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Poultry Health Today
Poultry Health Today
Poultry Health Today, Issue 1 Back to Contents

'Do something about it'

Being More Transparent

Don't blame consumers if they seem to have little understanding of modern poultry and livestock production.

"It's not their fault and it is not intentional. It is just the way society has evolved," insists Scott Hurd, DVM, PhD, an associate professor and director of Iowa State University's food-risk modeling and policy lab.

LOST ON CONSUMERS

For that reason, he adds, a farm's everyday inputs like land, water, fuel and labor are lost on discriminating consumers peering into the meat case. To them, antibiotics or any technologies that promote efficiency are perceived as producer "greed" — not something that keeps their food safe, wholesome and affordable. Hurd's down-home advice for reversing this perception: "Do something about it!"

Reality Of Farming

'PROFOUND IMPACT'
For starters, he urges producers to engage local reporters. "The media [have] a profound impact on people's opinions. If you can help them understand, in the smallest way…the care that goes into making the final product they buy in the grocery store, then you will have helped us all," Hurd advises in his weekly blog at hurdhealth.com.

"If reporters experience the reality of farming and food production, they will be less critical," he adds. "If they see and feel the human lives working to feed their own families as well as others, then food will not seem so strange."

Food-industry strategist Frank Singleton agrees. "One of the things we fail to tell people is that our families eat poultry products, too. Poultry is produced in partnership with a lot of players up and down the supply chain, but everybody's a consumer at the end of the day," he says. "If you can make that point, and make it in a human way, you can make a measurable difference in public opinion."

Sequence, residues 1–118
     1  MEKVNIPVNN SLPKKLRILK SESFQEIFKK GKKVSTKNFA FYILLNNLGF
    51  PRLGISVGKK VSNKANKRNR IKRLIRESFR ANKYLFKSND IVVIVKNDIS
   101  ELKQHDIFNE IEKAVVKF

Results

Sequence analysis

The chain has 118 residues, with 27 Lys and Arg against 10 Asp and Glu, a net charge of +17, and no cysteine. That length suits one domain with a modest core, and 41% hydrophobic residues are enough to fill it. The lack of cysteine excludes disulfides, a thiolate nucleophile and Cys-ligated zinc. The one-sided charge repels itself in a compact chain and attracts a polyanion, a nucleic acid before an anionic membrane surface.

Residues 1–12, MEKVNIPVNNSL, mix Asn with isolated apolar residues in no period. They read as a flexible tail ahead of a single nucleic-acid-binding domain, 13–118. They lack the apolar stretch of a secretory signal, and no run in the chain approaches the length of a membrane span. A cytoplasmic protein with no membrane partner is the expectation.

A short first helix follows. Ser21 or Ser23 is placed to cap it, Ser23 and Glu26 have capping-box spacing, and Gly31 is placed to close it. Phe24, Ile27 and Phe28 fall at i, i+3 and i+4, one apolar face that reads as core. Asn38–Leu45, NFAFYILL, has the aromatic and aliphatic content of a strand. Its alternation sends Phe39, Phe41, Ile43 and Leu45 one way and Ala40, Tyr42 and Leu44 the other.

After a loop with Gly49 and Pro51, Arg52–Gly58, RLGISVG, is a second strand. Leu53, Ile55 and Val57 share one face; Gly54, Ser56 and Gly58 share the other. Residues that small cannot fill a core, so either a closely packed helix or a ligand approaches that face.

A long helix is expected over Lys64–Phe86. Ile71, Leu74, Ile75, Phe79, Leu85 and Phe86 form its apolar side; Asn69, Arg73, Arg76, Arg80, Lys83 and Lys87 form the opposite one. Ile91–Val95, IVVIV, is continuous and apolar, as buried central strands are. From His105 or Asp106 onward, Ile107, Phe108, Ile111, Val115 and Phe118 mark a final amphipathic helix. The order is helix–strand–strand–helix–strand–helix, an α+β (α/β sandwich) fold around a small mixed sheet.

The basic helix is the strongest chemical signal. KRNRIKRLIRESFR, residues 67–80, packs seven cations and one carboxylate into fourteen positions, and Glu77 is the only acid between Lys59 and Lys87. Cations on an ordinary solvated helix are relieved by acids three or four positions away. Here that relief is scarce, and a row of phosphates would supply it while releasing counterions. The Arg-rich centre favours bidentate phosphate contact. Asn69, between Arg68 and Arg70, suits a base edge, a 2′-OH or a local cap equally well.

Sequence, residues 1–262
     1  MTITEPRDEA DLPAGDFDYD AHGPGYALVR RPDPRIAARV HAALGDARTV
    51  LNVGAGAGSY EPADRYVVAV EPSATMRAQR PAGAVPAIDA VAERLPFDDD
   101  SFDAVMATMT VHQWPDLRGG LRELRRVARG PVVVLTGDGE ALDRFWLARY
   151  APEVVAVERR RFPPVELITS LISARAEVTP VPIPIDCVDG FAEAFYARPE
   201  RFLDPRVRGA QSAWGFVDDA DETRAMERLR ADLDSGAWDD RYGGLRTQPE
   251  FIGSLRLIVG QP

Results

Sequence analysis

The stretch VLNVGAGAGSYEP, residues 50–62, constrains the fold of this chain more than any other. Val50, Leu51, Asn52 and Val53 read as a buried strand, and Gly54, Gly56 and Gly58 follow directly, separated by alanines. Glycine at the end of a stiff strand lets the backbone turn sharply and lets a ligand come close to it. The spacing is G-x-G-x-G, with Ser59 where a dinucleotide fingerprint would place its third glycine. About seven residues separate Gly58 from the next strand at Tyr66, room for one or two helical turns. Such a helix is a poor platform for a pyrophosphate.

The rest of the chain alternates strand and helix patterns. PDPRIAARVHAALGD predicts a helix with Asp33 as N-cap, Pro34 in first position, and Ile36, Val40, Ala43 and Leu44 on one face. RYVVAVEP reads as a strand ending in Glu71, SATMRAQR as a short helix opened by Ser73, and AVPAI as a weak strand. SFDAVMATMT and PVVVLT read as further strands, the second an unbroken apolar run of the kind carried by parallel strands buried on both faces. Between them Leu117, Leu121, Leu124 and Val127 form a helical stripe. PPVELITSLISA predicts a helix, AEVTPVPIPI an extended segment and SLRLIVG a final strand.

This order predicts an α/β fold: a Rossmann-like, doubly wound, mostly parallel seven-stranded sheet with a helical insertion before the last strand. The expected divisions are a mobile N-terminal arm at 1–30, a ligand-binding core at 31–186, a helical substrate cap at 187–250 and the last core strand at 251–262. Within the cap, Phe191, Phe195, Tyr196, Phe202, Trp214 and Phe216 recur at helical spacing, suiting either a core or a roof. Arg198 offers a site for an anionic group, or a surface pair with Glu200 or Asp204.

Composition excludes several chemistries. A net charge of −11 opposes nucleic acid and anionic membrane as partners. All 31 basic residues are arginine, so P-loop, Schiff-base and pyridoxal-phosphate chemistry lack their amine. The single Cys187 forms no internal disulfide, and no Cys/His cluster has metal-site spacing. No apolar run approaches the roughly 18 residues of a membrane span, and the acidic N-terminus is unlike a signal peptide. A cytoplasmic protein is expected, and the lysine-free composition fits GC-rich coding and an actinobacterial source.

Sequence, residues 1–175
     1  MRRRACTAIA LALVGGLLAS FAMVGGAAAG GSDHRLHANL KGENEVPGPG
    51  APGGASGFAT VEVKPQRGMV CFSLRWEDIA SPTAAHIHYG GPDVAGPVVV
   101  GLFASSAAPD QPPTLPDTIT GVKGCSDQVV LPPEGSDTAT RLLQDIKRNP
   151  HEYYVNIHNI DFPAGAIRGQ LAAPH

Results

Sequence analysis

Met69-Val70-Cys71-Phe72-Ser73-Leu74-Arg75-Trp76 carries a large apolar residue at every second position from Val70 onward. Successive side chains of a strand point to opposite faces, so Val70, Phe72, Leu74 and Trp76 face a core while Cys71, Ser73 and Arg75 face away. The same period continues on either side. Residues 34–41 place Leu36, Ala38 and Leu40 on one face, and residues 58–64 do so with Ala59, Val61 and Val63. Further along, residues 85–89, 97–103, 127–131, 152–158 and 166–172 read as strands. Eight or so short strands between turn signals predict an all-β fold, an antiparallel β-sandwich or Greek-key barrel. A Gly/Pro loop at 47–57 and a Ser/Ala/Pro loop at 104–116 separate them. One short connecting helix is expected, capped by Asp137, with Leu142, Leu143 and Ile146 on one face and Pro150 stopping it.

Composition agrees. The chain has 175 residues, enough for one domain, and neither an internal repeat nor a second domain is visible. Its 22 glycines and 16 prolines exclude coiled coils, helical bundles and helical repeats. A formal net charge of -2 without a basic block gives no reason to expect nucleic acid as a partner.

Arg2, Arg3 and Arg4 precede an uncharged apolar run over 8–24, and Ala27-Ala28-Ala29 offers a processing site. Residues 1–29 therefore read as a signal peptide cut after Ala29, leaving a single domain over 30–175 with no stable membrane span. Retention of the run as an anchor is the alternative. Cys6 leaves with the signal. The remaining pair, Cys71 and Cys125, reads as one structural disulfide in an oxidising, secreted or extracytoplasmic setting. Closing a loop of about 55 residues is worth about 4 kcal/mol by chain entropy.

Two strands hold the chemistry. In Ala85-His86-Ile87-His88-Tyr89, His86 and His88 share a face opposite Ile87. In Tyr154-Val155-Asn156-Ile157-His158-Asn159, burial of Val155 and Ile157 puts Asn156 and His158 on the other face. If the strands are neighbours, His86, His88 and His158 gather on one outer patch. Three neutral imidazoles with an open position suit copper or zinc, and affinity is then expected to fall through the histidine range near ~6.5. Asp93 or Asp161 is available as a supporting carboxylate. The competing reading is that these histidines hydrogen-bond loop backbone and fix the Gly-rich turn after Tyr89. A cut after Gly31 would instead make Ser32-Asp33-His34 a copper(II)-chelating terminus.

Interestingly, the statements in the narrative also resonated with consumers who purchased organic and "antibiotic-free" milk and meat.

More than one-third of this subset, for example, felt strongly that organic farms should use antibiotics if the practices in the narrative were followed. About one-quarter of the same subset said they would not bother purchasing more expensive organic and "antibiotic-free" meat and milk if they were "certain that all of the practices mentioned in the description were followed."

'TRUSTED SOURCES'

Consumers also liked the idea of having third-party auditors or verification systems to ensure that the practices described in the narrative are followed. Nearly half said that having such systems - which are already in place - would make them much "more comfortable."

"This study showed that consumers are receptive to the facts," says Robbie Moody, regional marketing director for poultry for Zoetis. "Clear, simple information moves perceptions in a positive direction."

"This study showed that consumers are receptive to the facts," says Robbie Moody, regional marketing director for poultry for Zoetis. "Clear, simple information moves perceptions in a positive direction."

Zoetis plans to do a follow-up study in the near future - this time including poultry. Watch for results in a future edition of Poultry Health Today and at poultryhealthtoday.com.

Poultry Health Today, Issue 1 Back to Contents

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